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Mol Cell Biol. 2011 Nov;31(21):4356-65. doi: 10.1128/MCB.05541-11. Epub 2011 Sep 6.

Feedback control of p53 translation by REDD1 and mTORC1 limits the p53-dependent DNA damage response.

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Massachusetts General Hospital Cancer Center, GRJ-904, 55 Fruit Street, Boston, MA 02114, USA.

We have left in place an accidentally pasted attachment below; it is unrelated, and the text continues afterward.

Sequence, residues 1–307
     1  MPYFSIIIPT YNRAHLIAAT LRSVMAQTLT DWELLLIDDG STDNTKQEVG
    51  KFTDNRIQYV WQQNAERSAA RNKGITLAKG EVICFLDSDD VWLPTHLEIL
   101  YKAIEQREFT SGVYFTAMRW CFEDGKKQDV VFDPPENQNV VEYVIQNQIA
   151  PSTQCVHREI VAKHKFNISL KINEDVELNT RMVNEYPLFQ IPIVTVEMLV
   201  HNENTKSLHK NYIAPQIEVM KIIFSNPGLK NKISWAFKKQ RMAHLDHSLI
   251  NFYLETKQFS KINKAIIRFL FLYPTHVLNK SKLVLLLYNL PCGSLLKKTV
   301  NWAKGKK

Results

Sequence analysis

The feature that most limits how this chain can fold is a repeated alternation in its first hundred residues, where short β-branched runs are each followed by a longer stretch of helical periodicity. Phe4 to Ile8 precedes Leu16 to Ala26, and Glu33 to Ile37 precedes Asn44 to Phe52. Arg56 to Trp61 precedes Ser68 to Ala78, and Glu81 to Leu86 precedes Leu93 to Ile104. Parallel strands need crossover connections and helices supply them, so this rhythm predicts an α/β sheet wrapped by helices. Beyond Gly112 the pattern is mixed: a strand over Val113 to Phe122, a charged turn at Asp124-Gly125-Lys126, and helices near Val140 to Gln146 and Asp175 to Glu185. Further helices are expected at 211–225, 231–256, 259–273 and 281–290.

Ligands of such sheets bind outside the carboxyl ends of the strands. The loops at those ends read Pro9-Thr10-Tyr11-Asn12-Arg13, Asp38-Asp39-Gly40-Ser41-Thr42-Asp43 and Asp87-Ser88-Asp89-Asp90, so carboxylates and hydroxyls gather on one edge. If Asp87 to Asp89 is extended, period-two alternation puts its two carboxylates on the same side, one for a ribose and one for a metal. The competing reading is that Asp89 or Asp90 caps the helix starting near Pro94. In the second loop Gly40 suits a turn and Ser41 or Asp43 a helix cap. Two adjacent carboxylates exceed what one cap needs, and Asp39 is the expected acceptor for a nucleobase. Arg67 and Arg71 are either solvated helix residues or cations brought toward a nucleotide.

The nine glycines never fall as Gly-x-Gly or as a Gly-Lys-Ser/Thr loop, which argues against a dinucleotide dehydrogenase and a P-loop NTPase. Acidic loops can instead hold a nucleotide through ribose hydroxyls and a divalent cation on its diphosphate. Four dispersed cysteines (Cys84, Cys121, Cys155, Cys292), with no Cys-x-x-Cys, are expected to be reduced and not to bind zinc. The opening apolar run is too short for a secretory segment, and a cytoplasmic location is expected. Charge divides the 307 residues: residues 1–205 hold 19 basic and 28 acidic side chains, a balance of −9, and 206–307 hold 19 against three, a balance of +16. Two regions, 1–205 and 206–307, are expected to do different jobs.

Exquisite control of the level and activity of p53 are required in order to preserve cellular homeostasis following DNA damage. How this regulation is integrated with other key metabolic pathways in vivo is poorly understood. Here, we describe an endogenous feedback circuit for regulation of p53 through its transcriptional target gene, Redd1, a stress-induced inhibitor of TOR complex 1 (TORC1) activity. Cells and tissues of Redd1(-/-) mice exhibit enhanced sensitivity to ionizing radiation and chemotherapy treatment, which we demonstrate is attributable to abnormally increased p53 protein level and activity in the absence of Redd1. We find that deregulation of p53 in this setting is not due to failed DNA repair or to increased p53 stabilization but, instead, to increased p53 translation. We show that Redd1 loss leads to elevated mammalian TORC1 (mTORC1) activity, which explains the increased p53 translation and protein levels. Together, these findings suggest that REDD1-mediated suppression of mTORC1 activity exerts feedback control on p53, thereby limiting the apoptotic response and contributing to cellular survival following DNA damage. This work therefore defines a role for REDD1 in the control of p53 in vivo, with potential therapeutic implications for cancer and for the variety of genetic diseases involving TOR pathway signaling components.

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